check out the Video

Saturday, 16 January 2010

Disaster averted! how to not tip over your campervan

After a week or so of perfect campervan touring we were bo0th pretty much in the routine and feeling confident with the camper, sleeping at remote roadside spots and generally handling the van etc. we had a good routine of filling petrol regularly, making sure the water was always topped up and we were having showers from the camper and everything. So you can image the scene when we pulled into the beautiful Lake Gunn camping site enroute to the enchanting Milford Sound. This part of New Zealand is spectacular. The drive takes you through winding roads passed awesome mountains and through forests. When you get to Milford sound (actually a fjord) you take a cruise onto the water to sample the magical scenes and check out the wildlife.

Back to the story. We arrived into Lake Gunn camp site in the evening after a great days driving and enjoying the amazing scenery etc. This spot is a really popular site as it is cheap (only $10NZ), right on a beautiful lake and also close to Milford sound. The entrance to the site is through a forest road which is not really wide enough for 2 cars, let alone 2 campers. As my luck would have it there was a car wanting to get out and despite me clearly driving in he try to come the other way. I stopped and ‘reversed’ to give way, cursing at the rudeness of the driver while I did so.

Suddenly the camper seemed to lurch to one side and slowly sank a bit more. Urvi looked at me and I looked at her “its ok, we just turned a bit to much and got a bit stuck, I’ll just drive it out now that dumbo has passed”…. Oh dear, no movement the camper is stuck and worse still is tilting at an angle that is worrying me and scaring Urvi. We can’t get out and if I move it any more we WILL topple over.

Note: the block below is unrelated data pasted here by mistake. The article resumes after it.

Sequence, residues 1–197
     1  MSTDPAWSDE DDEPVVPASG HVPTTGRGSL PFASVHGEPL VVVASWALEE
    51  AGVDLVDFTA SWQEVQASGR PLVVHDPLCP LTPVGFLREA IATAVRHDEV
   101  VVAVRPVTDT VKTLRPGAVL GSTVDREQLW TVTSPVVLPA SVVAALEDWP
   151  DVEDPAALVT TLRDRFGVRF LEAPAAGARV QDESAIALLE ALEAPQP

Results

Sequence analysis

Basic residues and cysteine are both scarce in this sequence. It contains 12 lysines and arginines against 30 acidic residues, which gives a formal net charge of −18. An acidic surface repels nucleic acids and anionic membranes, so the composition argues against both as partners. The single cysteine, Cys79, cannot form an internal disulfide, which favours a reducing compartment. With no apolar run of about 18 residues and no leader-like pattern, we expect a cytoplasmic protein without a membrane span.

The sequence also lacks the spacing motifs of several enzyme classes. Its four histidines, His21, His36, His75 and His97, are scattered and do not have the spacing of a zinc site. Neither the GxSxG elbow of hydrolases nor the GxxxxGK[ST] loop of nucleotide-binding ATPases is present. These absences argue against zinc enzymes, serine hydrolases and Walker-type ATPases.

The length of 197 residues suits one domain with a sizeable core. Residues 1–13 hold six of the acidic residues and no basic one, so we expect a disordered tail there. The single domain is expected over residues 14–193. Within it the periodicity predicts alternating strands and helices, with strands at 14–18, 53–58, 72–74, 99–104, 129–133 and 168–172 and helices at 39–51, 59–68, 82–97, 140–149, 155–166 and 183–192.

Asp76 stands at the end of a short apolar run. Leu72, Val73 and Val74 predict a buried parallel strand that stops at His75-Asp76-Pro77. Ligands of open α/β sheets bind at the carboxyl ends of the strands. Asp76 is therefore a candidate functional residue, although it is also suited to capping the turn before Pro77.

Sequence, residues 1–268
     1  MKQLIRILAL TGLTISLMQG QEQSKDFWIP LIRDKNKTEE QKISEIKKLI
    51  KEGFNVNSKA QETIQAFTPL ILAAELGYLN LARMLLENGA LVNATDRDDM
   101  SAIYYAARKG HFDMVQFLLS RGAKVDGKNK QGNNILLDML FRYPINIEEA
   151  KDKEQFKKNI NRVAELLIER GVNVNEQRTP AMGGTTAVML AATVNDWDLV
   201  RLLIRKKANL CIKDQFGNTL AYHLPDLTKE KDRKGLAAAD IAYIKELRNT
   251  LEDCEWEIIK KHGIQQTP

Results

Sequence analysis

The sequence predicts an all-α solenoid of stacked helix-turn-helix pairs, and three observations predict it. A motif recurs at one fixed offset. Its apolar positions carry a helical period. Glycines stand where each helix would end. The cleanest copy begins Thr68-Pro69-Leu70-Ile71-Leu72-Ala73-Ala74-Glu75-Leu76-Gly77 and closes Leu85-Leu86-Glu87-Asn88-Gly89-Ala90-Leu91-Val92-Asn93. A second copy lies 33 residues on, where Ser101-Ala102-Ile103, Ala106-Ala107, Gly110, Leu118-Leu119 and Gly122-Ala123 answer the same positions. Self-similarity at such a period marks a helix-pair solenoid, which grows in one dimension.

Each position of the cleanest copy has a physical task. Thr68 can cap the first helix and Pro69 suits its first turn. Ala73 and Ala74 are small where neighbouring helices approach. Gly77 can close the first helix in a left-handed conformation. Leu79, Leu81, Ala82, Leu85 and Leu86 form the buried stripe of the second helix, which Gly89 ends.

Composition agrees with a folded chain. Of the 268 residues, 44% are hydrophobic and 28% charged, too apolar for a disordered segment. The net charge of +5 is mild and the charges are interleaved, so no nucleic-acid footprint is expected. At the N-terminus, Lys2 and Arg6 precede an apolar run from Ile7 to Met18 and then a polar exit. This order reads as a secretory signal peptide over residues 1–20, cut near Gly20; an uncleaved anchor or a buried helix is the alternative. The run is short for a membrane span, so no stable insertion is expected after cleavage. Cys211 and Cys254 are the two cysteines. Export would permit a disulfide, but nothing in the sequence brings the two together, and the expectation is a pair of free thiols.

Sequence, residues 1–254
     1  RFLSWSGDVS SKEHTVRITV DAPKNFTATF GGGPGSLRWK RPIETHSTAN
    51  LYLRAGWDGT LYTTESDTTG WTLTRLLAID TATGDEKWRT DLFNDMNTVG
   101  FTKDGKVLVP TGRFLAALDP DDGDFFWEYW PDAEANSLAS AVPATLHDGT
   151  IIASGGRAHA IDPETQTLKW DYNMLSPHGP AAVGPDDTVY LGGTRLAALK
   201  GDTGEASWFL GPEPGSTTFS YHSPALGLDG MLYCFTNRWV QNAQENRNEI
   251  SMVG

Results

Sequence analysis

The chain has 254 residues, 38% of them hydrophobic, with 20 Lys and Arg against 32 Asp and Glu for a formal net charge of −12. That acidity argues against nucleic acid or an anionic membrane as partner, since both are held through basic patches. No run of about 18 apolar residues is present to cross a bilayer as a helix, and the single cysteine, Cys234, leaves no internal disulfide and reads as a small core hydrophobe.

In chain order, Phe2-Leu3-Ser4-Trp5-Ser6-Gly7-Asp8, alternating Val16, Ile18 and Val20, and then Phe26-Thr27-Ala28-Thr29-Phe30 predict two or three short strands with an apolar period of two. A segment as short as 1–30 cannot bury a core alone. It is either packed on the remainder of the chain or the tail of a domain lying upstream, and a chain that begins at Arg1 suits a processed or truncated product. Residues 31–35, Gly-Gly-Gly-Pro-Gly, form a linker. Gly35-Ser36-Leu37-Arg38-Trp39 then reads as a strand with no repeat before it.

I will be honest this is the tensest I have been in a car ever. I tried to see how we were placed but there was nothing I could do. I jumped out of the car telling Urvi to lean towards the driver side (like that was going to help!) I ran into the site to find help, fully expecting the camper to be on its side and Urvi screaming when I returned. I found some guys who looked like they would know what to do and we got back, ‘luckily’ the camper was not on its side.

The plan we made was simple, try and yank the camper somehow to get some grip and then drive it out. Simply put it didn’t work; we were stuck in the mud and not moving. By this time we had collected the whole campsite around us and people were all collectively scratching their heads. Towing the camper was our only hope. Obviously no one had a rope, but just as things were looking lost, out of the mist came our knight in shining armour – a guy in his 4x4.

Now I am the first to complain about the Chelsea tractors that clog up the urban streets (posh families, who have never ventured into the country but still have 4x4s and SUVs), but this was a case when one was actually useful. The guy stopped and he soon had us roped up. About 7 other guys then climbed ONTO the camper and lent on it, pulling it the right way, so that when we got towed the car would not topple, still a real possibility. Finally with all our fingers crossed the jeep got us moving and the camper was freed of the jungle it was caught in.